Voting: A quick guide to polling day process

2009-04-19 00:00

Take your ID book to the voting station

1. Join the queue. A queue walker will come up to you and check whether your ID is in order and whether you are at the correct voting station. If you are pregnant, infirm or disabled, the queue walker will take you to the front of the queue.

2. At the entrance of the voting station, the door controller will do one more check and let you know when to enter. The door controller ensures the voting station does not become too congested.

3. Your first stop is at the desk of the voters’ roll officer who will scan your ID barcode with a zip-zip scanner to find your name on the voters’ roll. Your name will then be crossed off the hard copy of the roll to indicate that you have voted.

4. Second stop is the inker, who will mark your thumb with black indelible ink — another indication that you have voted.

5. Third stop is at the ballot paper issuer who will give you two ballot papers — one for the national election and one for the provincial election.

The papers are differentiated by different colours (the national has blue wavy lines on the back; the provincial one is clear).

They will stamp the back of both ballot papers in front of you and show you how to fold the papers after you have made the cross.

6. A booth controller will usher you into a voting booth once it is empty. Inside will be a pencil you can use to mark your X.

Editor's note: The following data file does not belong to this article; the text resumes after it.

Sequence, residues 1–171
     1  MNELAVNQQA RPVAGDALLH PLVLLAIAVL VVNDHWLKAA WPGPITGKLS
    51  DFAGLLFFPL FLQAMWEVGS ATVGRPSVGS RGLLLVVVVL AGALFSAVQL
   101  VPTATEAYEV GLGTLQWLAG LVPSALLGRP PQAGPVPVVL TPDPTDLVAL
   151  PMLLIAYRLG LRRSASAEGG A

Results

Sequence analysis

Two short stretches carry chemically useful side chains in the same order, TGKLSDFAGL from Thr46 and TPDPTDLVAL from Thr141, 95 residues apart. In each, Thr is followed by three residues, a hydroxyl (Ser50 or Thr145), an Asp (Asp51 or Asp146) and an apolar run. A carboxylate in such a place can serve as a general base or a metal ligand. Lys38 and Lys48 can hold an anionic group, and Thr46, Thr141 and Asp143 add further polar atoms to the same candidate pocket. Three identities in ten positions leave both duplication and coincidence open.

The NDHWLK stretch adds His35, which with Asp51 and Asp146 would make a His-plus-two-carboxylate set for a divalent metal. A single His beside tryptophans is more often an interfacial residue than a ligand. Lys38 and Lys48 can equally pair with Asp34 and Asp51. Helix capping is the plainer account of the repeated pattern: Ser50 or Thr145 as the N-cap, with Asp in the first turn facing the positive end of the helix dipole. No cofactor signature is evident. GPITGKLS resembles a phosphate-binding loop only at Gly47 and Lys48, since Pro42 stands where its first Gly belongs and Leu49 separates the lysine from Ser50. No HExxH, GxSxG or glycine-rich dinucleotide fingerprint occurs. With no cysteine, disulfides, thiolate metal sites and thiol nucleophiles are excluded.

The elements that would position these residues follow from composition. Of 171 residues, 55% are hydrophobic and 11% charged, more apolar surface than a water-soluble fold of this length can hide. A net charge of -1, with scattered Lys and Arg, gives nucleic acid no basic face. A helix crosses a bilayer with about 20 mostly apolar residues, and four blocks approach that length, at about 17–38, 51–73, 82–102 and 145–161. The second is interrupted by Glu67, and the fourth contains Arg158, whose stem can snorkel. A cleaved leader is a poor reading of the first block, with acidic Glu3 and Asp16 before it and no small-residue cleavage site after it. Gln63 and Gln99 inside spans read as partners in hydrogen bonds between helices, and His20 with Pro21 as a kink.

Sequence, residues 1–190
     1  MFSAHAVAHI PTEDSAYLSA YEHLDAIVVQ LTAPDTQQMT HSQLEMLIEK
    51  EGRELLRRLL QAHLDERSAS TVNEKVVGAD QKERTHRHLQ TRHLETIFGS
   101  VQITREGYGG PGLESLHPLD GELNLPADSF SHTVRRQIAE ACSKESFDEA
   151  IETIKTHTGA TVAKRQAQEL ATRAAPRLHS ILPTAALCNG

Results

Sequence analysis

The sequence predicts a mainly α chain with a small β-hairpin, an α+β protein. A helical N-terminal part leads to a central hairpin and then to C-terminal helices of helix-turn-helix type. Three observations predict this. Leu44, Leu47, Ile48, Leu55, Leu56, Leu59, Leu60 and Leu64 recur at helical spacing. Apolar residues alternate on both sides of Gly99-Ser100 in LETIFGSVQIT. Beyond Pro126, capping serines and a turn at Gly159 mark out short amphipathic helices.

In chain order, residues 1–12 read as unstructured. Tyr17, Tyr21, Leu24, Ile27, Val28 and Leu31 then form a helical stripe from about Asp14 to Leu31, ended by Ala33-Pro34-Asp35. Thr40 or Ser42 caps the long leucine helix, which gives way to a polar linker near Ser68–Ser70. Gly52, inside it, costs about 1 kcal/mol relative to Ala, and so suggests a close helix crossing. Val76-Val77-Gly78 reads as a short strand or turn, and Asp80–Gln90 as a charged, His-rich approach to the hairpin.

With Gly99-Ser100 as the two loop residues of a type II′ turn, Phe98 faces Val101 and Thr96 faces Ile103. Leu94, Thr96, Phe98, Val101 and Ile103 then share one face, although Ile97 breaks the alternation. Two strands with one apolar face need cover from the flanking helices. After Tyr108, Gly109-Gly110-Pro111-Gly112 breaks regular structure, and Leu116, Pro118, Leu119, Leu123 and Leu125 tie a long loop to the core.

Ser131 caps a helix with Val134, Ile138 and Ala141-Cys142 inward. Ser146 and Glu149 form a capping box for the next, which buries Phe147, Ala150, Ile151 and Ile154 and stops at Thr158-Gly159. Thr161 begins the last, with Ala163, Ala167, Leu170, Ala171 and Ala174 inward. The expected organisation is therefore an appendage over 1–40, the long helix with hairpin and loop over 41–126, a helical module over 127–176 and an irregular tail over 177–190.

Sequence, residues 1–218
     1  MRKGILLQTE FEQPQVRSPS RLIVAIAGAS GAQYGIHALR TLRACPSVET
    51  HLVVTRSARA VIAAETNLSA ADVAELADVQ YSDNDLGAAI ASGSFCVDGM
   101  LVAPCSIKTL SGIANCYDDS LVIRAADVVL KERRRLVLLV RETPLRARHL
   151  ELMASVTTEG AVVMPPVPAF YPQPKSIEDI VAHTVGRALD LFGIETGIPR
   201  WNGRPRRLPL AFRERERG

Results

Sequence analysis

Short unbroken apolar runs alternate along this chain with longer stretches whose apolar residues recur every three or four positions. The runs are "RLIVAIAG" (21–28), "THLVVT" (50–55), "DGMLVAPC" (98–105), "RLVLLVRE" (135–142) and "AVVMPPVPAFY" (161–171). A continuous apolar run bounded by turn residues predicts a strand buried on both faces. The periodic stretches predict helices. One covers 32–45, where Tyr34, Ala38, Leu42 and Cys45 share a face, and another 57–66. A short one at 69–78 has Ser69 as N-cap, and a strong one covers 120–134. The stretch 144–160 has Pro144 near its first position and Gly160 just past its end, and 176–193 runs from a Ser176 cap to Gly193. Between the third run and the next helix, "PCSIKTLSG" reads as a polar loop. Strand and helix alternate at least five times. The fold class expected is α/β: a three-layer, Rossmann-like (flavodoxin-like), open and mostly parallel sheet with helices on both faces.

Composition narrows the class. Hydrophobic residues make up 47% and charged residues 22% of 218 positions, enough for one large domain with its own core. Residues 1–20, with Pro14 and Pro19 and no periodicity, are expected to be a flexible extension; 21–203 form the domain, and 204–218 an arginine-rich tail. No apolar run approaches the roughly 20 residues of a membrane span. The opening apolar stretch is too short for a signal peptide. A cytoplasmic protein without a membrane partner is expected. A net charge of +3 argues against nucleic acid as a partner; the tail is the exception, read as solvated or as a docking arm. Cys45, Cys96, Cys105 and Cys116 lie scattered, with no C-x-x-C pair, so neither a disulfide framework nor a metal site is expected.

7. A box controller will show you where to place your folded ballot paper. In most stations there will be two boxes — one for the national ballot and one for the provincial. If you make a mistake and post the ballot form in the wrong box, it its not likely to matter because they will be sorted out by their colours during the counting process. Some smaller voting stations may only have one box.

Checks and Balances:

The overall supervisor at a voting station is the presiding officer, who ensures the smooth running of the voting process and deals with problems and queries. To help him or her is a deputy presiding officer.

Each party is represented at the voting station by its agent. The agents keep an eye on all processes to ensure the voting is free and fair.

They are also present during the counting process and sign the results slip before the results of the election in the voting station are announced and posted on the door of the station.

Accredited independent observers from various organisations such as the United Nations, non-governmental organisations and observers from other countries will also be present within voting stations.

Statistical officers check the statistical information at the station, including the number of voters who have entered and the number of ballots cast. This information assists with the reconciliation of votes during the counting process.

On the day: What are the dos and don’ts?

Do’s and don’ts on election day (a guide from KZN provincial electoral officer Mawethu Mosery):

There are no legal provisions that put an end to political parties campaigning on election day, but there are certain limitations.

• There must be no campaigning or canvassing within the boundaries of the voting station;

• Outside of the boundaries of the voting station, parties can put up their tents and tables with their political paraphernalia.

• Voters can wear their party T-shirts in the voting station. However, Mosery warns if there is an individual in a party T-shirt who never gets to vote and is always in the queue, that person will be considered to be canvassing and will be asked to leave.

• Mosery said the IEC allows for a lot of concessions on humanitarian grounds.

Thus old people, the physically challenged, pregnant women and women with babies are allowed to go to the front of the queue.